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40_05 - 5.0 Some F rontiers I n this final chapter of the...

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5.0 Some Frontiers In this final chapter of the book are gathered together imaging concepts that have been published, but have not yet come into routine industrial use. The first part of this chapter develops the mathematical concept of linear moveout and how it relates to velocity analysis. Data can be focused so that the interval velocity can be read directly. The latter part of the chapter is about multiple reflections. Here too linear moveout helps to define the prob- lem. You will see basic mathematical tools that have the power to deal with multiple reflections and lateral velocity variations. This chapter has many data processing proposals. They are not descriptions of production processes! Interpreting Seismic Data Initially I regarded this chapter as one for specialists interested mainly in devising new processes. Then I realized that in dealing with things that don't seem to work as they are expected to, we are really, for the first time, strug- gling t o contend with reality, not with what theory predicts. This can hold much interest for skilled interpreters. The heart of petroleum prospecting is the interpretation of reflection seismic data. What is seismic interpretation? To be a "routine interpreter" you must know everything on which theory and practice generally agree. To be a good interpreter you must know the "noise level" of alternate phenomena with similar effects. Anomalies in seismic data can arise from the complexity of the earth itself, from seismic wave propagation in the earth (deep, near surface, or out of plane), or from imperfections in recording and imaging techniques. T o make realistic judgements in so wide a realm, you must be a seismologist who is part geologist, part engineer, and part mathematician. This chapter will not teach you to be a good interpreter, but it will offer you a chance to observe some critical thinking about the relation- ship of seismic theory to seismic data.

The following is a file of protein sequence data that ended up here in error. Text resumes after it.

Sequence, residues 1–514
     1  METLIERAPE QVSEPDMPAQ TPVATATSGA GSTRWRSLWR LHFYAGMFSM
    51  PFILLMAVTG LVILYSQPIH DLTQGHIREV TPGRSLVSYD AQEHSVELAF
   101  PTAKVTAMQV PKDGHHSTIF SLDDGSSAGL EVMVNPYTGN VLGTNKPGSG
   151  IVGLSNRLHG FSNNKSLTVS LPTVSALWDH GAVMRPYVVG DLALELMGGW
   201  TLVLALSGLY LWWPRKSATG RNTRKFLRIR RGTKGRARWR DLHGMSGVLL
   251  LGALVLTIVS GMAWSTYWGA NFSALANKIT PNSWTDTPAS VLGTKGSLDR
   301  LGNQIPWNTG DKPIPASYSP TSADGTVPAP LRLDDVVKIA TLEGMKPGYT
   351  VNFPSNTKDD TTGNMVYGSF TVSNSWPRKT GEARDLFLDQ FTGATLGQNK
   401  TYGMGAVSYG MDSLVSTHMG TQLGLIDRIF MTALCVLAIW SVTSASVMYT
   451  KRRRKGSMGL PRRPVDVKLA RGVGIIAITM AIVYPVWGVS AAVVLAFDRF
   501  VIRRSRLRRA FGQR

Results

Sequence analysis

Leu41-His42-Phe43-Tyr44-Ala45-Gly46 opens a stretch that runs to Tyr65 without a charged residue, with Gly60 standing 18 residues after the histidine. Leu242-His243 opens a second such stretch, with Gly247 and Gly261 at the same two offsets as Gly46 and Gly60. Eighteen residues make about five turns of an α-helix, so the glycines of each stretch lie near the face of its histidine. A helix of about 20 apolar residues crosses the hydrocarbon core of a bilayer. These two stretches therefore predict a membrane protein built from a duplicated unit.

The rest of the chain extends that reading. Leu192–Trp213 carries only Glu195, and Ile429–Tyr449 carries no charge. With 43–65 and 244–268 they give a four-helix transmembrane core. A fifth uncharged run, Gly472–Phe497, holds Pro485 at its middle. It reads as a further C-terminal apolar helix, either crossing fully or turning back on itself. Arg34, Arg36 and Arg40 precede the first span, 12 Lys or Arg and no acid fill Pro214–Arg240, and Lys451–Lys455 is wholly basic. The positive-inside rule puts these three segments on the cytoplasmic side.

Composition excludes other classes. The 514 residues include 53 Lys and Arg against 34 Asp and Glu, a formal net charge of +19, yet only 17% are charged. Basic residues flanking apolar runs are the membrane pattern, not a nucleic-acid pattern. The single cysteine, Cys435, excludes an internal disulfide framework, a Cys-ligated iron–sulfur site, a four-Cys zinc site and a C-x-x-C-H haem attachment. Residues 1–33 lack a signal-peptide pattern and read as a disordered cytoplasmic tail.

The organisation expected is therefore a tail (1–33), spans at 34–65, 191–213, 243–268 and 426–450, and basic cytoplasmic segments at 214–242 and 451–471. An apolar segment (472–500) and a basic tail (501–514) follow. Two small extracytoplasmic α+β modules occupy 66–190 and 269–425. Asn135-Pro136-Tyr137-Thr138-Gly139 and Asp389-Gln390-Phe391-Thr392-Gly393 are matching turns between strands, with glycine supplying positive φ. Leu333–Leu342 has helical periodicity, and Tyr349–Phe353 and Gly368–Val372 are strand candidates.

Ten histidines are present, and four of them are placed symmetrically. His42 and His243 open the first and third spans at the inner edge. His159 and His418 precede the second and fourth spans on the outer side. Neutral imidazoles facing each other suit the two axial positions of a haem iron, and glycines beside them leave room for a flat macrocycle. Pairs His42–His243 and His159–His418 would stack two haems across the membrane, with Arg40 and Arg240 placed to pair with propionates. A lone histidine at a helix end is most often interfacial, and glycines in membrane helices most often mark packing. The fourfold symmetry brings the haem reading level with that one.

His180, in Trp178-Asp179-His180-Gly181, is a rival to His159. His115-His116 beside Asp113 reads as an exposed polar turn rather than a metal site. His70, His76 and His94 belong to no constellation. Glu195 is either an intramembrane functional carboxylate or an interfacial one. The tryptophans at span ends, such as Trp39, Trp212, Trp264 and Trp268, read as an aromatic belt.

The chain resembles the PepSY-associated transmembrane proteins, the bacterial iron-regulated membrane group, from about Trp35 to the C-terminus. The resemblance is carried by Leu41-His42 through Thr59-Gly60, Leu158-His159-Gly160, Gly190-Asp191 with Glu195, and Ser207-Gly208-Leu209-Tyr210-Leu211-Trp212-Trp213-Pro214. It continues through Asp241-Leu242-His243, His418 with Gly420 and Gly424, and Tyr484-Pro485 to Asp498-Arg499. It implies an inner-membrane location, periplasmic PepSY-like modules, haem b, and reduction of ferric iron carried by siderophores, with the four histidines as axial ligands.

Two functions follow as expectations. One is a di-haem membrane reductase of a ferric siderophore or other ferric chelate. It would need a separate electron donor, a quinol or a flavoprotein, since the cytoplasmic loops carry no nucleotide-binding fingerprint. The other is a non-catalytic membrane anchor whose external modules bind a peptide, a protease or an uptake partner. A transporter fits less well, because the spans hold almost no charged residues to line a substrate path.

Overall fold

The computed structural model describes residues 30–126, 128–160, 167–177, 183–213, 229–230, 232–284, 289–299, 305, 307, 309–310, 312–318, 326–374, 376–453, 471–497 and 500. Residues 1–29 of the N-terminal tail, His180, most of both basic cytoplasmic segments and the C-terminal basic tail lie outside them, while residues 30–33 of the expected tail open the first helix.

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FRONTIERS 5.0 Some Frontiers Leaning Echo delay is much like depth. We usually measure angles by their departure from the vertical ray, while in reality zero-offset data is rarely recorded. The best seismic data is usually far from vertical. In this chapter a pattern of thinking is developed that is oriented about a selected nonvertical ray. Rotation of coordinates does not solve the problem since after rotation, the plane on which measurements would be made would no longer be simply z = 0. Rotation would also make a mess of the simple seismic velocity func- tion v (z ) by making it a strongly two-dimensional function v '(x I, z I). The view of offset presented in Chapter 3 may have seemed rather complete, but in fact it was not very general because square roots were expanded about the vertical ray. The Stolt stretch development in Section 4.5 illustrated the advantage of leaving the hyperbola top and getting out on the flanks.
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